"As soon as I planted my right foot, I turned around and saw the ball in the air, I knew I had to watch the ball," said Carter, a tight end from Bear, Del. "I might get hit. But I had to absorb it with my body, and it worked out perfectly."
Ryan Keiser picked off quarterback Nathan Scheelhaase on the first play of the Illini's possession to preserve a 24-17 win and make Carter's grab - his only one of the contest - a game-winner. It was the first touchdown for Carter since he scored against Ohio State on Oct. 27, 2012, and the road back to the end zone was paved with injuries.
Carter hurt his left foot while scoring last season and that forced him to miss a game. He came back, but broke his right wrist against Nebraska, missed the rest of the campaign and had lingering effects of the ailment in the offseason.
"It was a pretty bad wrist injury. No excuse, but I think he's done some good things lately," coach Bill O'Brien said. "I don't think it's any fault of his own. He's a heck of a football player and he made a big catch there for us at the end."
The injuries cut into what had been a breakout season for Carter, who finished second on the team in receiving yards (453) and catches (36). The 6-3 redshirt sophomore has not filled up the stat sheet like he did last year through eight games. And once again, injuries have had something to do with it.
In the Lions' season opener, Carter hurt his left arm when one of his teammates ran into him on a fake field goal. He left the contest before making a catch, but he did not want the injury to cause him to spend more time on the sideline.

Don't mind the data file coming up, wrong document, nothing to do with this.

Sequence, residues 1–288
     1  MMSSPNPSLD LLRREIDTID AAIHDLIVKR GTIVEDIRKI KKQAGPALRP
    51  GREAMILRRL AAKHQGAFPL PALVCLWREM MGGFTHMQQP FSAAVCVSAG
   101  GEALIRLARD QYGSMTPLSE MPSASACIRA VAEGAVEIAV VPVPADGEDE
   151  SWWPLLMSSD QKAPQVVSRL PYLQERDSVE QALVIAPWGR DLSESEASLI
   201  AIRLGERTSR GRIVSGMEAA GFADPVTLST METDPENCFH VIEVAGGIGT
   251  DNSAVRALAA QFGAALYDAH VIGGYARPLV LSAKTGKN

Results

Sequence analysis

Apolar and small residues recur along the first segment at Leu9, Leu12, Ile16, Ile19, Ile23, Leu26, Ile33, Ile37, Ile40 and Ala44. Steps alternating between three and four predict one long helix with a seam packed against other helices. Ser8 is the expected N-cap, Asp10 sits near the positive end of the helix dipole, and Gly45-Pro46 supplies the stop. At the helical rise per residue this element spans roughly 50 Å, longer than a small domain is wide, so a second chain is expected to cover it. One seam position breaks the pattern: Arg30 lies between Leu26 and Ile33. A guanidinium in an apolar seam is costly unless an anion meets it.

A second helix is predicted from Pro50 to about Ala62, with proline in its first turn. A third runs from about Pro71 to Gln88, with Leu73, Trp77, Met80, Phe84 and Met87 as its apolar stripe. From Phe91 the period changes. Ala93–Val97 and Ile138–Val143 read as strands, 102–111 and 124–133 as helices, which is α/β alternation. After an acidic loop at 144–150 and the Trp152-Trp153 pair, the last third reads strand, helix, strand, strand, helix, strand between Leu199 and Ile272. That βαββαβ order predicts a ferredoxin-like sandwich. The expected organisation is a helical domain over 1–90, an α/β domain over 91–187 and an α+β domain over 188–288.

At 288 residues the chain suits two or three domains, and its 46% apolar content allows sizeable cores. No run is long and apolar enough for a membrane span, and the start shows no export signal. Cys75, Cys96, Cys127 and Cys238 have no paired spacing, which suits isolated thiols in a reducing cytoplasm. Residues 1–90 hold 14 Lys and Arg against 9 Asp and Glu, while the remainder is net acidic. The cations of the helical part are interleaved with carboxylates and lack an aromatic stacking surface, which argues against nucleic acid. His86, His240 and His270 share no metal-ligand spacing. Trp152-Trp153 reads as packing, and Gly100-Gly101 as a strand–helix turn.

"Working all offseason on rehab, and then coming back, first game, and messing something else up, it hurt me," Carter said. "I just wanted to play. As soon as it happened, as soon as I got the diagnosis, I told myself, 'I got to play next week, I can't miss any more games. This can't happen anymore.' I just rehabbed hard and came back."
Carter did not miss any games, but was limited for the rest of the State's nonconference schedule. He said he felt 100 percent again when the Lions (5-3, 2-2 Big Ten) played Indiana on Oct. 5, and he hauled in six catches for 79 yards that afternoon.
Running back Bill Belton noted that Carter may not have the statistics he did a year ago, but praised his teammate for some of the nuances of the game that go unnoticed, like pass protection and run-blocking.
The performance against the Hoosiers was the only time Carter has tallied more than 25 yards in a game this season, however. He has 14 receptions for 186 yards with four games left. Carter said he keeps what he was able to do last season in the back of his mind and strives to get back to where he was, and beyond.
A game-clinching score is a good place to start. "I'm my own biggest critic, and I think about my season every day and trying to get back to where I was last year and everything," Carter said. "Making that play definitely helped my confidence."